|REL 2017215||Stated Briefly: Teacher demographics and
evaluation: A descriptive study in a large urban district
This "Stated Briefly" report is a companion piece that summarizes the results of another report of the same name. This descriptive study analyzed teacher characteristics, such as age, race, and gender and teachers' evaluation outcomes in a large, urban district in the Northeast. Descriptive analyses of frequencies were conducted to examine the characteristics, summative performance ratings, and improvement on ratings over time for approximately 3,000 teachers in each year (2012/13, 2013/14, and 2014/15). Results indicate that a disproportionate percentage of teachers age 50 and older, black teachers, and male teachers were rated below proficient compared to their representation in the total population of teachers. Examining the data over three years revealed that while the percentage of older teachers, black teachers, and male teachers who received below proficient ratings decreased over time in some cases, the gaps between their ratings and the ratings of their younger, white, and female counterparts persisted. Moreover, these analyses revealed that the percentage of teachers who improved their ratings during all three year-to-year comparisons did not vary by teacher characteristics, that is, by race, age, or gender. These results suggest that there are meaningful differences in teachers' evaluation outcomes by age, race, and gender, and that these differences have persisted over time. Therefore, the district may want to consider what programs or policies aimed specifically at these teachers and their evaluators may increase their chances for improvement and reduce the gaps. In addition, longitudinal research is needed to examine whether these patterns continue to persist over time or whether district-level interventions and supports might reduce the gaps or otherwise address the disproportionate below proficient ratings among teachers in certain groups.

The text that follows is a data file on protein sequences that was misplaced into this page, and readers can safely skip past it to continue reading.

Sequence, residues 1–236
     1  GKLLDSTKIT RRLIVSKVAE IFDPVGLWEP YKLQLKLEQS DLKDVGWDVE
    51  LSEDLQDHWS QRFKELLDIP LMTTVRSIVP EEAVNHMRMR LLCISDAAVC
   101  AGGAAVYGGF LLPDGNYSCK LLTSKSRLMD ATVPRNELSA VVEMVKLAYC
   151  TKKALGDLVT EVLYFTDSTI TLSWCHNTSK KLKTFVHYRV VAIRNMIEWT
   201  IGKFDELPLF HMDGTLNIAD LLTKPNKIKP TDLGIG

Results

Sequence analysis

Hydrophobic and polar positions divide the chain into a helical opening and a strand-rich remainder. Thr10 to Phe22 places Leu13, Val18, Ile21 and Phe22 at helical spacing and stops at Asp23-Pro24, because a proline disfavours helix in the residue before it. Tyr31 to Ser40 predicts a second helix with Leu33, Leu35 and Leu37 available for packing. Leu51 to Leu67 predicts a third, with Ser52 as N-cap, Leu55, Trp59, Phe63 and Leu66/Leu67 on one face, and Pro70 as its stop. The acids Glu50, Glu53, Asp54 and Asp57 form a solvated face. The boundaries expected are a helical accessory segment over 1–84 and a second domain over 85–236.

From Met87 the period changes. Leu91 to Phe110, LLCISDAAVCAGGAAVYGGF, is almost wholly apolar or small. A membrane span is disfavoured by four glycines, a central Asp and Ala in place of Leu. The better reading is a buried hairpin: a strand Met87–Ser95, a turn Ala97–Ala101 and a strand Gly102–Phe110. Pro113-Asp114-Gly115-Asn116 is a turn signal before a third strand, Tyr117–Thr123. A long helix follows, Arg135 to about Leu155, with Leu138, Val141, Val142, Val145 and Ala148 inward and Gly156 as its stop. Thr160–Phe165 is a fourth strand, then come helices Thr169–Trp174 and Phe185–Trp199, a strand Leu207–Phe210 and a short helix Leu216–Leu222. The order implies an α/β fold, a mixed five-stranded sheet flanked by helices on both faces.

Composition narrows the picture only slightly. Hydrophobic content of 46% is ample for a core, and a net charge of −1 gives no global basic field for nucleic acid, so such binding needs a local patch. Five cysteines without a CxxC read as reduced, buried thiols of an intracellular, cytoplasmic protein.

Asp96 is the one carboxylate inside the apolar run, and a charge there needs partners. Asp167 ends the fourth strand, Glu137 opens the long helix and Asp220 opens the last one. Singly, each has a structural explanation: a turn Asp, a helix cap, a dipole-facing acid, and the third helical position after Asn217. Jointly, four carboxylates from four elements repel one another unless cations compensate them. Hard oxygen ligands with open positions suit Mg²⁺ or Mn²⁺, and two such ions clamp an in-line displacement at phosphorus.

|REL 2017220||Advanced course enrollment and performance in Washington state: Comparing Spanish-speaking students with other language minority students and English-only speakers
This study examined differences in advanced course enrollment and performance for groups of language minority students and native English speakers in Washington state high schools. With data from more than a million students enrolled in Washington state high schools between 2009/10 and 2012/13, the study used regression analysis and calculations of percentages and averages to highlight outcomes for Spanish-speaking students—the largest group of language minority students in the state—and for students from other language backgrounds, including native English speakers. The study found that Spanish-speaking students, regardless of their English learner status, take fewer advanced courses than English-only speakers and speakers of other languages. Spanish-speaking students also earn lower grades in advanced courses than non–Spanish-speaking students, but these differences disappear when students have the same grade point average and test scores in the prior year and attend the same school. In addition, schools with the lowest percentage of Spanish-speaking English learner students offer more advanced courses than schools with higher percentages of these students. The findings suggest that school districts may want to identify gaps and monitor progress toward the goal of equitable advanced course offerings for all students. In doing so, they should take into account the fact that language minority students are a heterogeneous group and that different supports and approaches may be needed for students who speak different languages.
|REL 2017217||Stated Briefly: Academic outcomes for North Carolina Virtual Public School credit recovery students